So who won the day? If it had been an exam question, Tessa would have got full marks, because she kept to the topic. If it had been an election, Diane would have won, and if it had been a day at city hall, Andrew would have been the one left smiling, while David sounded like a tough and prepared politician who should be considered the frontrunner – for now.  As for me, I was left rooting for Christian Wolmar: I never get invited to speak at Progress events either.

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Stephen Bush is a contributing editor to Progress, writes a weekly column for Progress, the Tuesday review, and tweets @stephenkb

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Stephen Bush

is a contributing editor to Progress, formerly wrote a weekly column for Progress, the Tuesday review, and tweets @stephenkb

4 comments

  • All very interesting. But why is no-one pressing the case of some of Labour’s existing LB Mayors who have a track record of winning election and delivering policies, amd seem to have less baggage than the afore-mentioned? Will someone tell me why Jules Pipe, with his Hackney track record, wouldn’t be a better candidate than all the above?

  • At the moment the only possible person who could do it is David Lammy. Christian Wolmar is a good guy and sound on transport issues but an independent isn’t going to do it. Dianne Abbott is guaranteed to lose as she has a track record of sticking her foot in her mouth and being a total hypocrite on education. The right will tear her apart on her remarks about white people dividing and ruling black.

    Of course it all depends who the Tories put up. At the moment Labour is looking shaky. Jules Pipe has actually run something and would be good but it is early days yet. Anyone but Livingstone though.

  • Why not consider appointing two(2) LABOUR Mayors on the same ticket ? 2 London Mayors would see to it that double the amount of work gets done. Its a Big City, with Worldwide ‘Clout’ – two heads are better than one and you get two for the price of one as the salaries and perks are enough for 10 normal households to live on anyway. Diane & Ken, or other twin-combo’s/duos. *The USA ‘Primaries’ are a good format to weed out the weeds, yet very ‘winner-takes-all’ and too much gratuitous blood-letting takes place. Dictators are okay for the Greeks and Plato, but this is England and the United Kingdom — Ta-Ta Alex, good Luck Scotland the Brave.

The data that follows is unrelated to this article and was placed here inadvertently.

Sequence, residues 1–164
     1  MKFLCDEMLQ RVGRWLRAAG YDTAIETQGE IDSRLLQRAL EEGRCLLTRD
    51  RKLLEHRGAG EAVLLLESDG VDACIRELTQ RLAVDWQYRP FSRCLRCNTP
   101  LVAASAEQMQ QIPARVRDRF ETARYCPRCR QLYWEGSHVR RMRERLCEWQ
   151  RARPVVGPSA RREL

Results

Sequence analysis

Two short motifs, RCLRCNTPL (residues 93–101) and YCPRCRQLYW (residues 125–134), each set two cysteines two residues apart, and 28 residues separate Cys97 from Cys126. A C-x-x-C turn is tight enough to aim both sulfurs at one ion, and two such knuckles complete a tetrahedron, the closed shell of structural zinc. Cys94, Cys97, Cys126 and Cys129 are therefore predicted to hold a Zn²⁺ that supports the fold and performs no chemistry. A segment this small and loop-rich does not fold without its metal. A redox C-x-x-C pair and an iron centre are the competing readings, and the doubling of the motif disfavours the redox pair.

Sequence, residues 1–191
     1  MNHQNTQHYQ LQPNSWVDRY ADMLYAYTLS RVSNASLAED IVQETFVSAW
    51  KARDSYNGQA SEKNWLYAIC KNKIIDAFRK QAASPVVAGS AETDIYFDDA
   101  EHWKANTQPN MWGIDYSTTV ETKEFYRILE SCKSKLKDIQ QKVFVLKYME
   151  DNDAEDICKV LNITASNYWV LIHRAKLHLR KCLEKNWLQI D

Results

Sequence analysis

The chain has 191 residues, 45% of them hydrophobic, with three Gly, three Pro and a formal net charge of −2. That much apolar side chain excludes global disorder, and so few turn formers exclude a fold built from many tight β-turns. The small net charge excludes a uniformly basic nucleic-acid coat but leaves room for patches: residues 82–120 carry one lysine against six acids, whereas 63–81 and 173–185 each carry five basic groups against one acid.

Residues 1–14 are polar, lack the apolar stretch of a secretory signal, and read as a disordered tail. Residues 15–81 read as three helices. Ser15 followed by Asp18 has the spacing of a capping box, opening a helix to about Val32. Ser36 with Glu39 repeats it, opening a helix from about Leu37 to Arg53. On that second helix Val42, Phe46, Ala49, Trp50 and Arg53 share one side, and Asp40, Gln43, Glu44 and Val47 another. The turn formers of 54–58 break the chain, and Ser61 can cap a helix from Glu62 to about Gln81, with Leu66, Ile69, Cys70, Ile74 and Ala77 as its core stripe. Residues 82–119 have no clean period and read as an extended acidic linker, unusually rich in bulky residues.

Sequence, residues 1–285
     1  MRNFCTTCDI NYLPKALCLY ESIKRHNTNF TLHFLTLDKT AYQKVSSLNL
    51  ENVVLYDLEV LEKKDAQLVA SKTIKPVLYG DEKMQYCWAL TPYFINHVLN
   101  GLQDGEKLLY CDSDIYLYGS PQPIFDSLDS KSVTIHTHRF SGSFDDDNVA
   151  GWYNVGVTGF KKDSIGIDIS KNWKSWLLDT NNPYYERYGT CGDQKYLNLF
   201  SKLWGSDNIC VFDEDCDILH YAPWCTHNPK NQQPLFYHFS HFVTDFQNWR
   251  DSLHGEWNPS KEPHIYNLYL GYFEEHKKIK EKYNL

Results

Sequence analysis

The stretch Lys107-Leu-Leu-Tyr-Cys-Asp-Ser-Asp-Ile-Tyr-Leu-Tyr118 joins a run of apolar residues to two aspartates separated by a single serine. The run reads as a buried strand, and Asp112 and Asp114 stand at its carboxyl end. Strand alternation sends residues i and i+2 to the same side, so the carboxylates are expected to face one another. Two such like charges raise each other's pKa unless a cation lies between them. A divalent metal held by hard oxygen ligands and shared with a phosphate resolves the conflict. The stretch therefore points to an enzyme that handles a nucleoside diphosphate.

• Roy Steele. Dianne and Ken! You are joking. Livingstone has lost twice and was seen the first time he lost as a washed up has been who approved the throwing away of millions of pounds of Londoners money on non existent black groups. I live in Spain and as you know there are lots of expats down here many of whom are hard core Labour supporters but hated Livingstone with a passion.

    Anyone who can alienate their core base to the extent that he did is on a suicide mission. Those two would be the shortest suicide note in history. Abbott is, it seems, convinced that the reason African Caribbean young men do badly at school is because of racist teachers. The fact that it is only this group and not Asians, Chinese, Vietnamese or Eastern Europeans seems to have escaped her attention.

    The Tories are defeatable in London with the right candidate, not either of those two losers and not together or separately.